By Sarah NoceraPublished February 07, 2019 10:45:19The good news for athletes is that they get to get away from it all.
But for many people, the bad stuff keeps coming, as they spend more and more time on their smartphones and tablets.
A new study from Stanford researchers finds that some people, including some who suffer from obsessive-compulsive disorder, are more susceptible to the negative news cycle.
The study, which was published in the journal Attention, Perception, and Psychophysics, used a large sample of 1,082 people in a control group of 690 adults who were free of anxiety disorders.
Participants were asked to rate the newsworthiness of the headlines they saw in the past 24 hours.
Those who were prone to negative news are more likely to report negative news about themselves and others, which can have a negative impact on self-esteem, said the study’s lead author, Eric K. Anderson, Ph.
D., a psychologist at Stanford.
The study was designed to examine how people respond to negative events, rather than the overall quality of the news.
“The research shows that people tend to report news that is negative, even when the news is not bad,” said Anderson, who was not involved in the research.
“So if you’re trying to find a news outlet that’s good, you may be more likely than others to use bad news sources.”
But you might also report bad news in a more positive way.
And that may lead to more positive news sources that you can use,” he said.
The negative news may be so bad that it can actually interfere with your daily activities, Anderson said.
For example, the study found that participants who had experienced severe stress reported more positive thoughts and more positive feelings about the news in the last 24 hours than those who were not stressed.”
It’s important to think about what we can do to keep ourselves safe, as well as our sense of self and our emotions.””
We are living in a world where our social networks are filled with bad news and bad news sites.
It’s important to think about what we can do to keep ourselves safe, as well as our sense of self and our emotions.”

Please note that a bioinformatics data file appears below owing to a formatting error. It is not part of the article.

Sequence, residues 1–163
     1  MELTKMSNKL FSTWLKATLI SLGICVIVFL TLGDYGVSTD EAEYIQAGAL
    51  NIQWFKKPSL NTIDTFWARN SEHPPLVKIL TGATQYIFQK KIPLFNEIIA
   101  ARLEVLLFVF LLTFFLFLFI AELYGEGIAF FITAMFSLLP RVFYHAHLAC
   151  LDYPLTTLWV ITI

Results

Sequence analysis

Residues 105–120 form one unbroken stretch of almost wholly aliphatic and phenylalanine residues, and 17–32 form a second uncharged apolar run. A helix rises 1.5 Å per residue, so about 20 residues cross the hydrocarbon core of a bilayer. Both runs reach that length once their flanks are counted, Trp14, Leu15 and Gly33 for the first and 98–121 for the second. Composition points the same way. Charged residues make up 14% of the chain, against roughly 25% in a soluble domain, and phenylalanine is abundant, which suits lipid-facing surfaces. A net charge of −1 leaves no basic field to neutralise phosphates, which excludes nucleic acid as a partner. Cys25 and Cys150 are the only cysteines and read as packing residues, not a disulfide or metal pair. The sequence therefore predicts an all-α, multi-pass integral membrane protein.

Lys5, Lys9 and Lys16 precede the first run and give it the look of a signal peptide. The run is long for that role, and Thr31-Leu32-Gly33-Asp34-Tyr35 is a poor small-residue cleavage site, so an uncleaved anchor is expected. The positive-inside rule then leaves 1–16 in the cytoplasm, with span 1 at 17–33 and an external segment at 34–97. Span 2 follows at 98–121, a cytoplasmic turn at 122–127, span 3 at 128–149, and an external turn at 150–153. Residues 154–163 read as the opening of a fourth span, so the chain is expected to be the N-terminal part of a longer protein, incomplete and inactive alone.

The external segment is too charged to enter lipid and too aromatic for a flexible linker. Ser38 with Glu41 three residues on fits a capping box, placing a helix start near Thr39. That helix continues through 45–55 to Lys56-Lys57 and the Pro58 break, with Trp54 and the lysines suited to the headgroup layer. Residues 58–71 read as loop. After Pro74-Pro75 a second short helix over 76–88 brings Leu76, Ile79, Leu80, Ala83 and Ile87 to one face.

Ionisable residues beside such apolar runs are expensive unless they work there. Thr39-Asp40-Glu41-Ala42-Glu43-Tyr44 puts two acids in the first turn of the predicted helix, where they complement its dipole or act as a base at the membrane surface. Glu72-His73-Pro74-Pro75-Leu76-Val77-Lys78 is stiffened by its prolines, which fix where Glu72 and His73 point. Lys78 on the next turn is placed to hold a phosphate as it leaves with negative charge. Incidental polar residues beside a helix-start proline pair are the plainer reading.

The researchers found that people who were in the control group reported significantly less positive thoughts about the negative headlines than people who had been exposed to the headlines.
The negative news was associated with increased negative feelings.
For the study, researchers analyzed news stories that had been published in newspapers or magazines between the years 2013 and 2018.
The stories had been analyzed using the Stanford NewsScan software, which aggregates news from several media sources and creates a summary of the content.
They were also analyzed using a computerized computer model of news.
Researchers then analyzed how those negative news headlines affected participants’ mood and reported negative emotions in a series of experiments.
The news articles were divided into three categories: news that was negative in the headline, news that the headline was neutral in the text and news that had no negative content.
For each category, participants rated the headline on a scale from 0 to 7, where 0 meant the headline had no positive effect, and 7 meant the article had a negative effect.
“When news stories with negative headlines were included, participants tended to report feeling more negative emotions than those in the positive-news group,” the researchers wrote.
Participants also reported more negative feelings when they were asked how they felt about the positive headlines, which were associated with higher positive thoughts.
For example, when participants in the negative-news condition rated the positive headline as being more trustworthy than the negative headline, the researchers found participants who were exposed to negative headlines reported feeling more positive emotions than when they rated the negative one as less trustworthy.
“Our study provides a window into how we process negative news, and how negative news can affect people’s emotional well-being,” said Jana Gull, Ph, an assistant professor in the Stanford School of Medicine’s Department of Psychology.
“It is possible that people are reacting to negative information differently than the positive news.”
Anderson said his team is planning to expand the study to include more positive headlines.
“We want to do more in-depth research with larger samples and more participants to determine the impact of positive and negative headlines on participants’ feelings, as it can have long-lasting effects on their health and wellbeing,” Anderson wrote.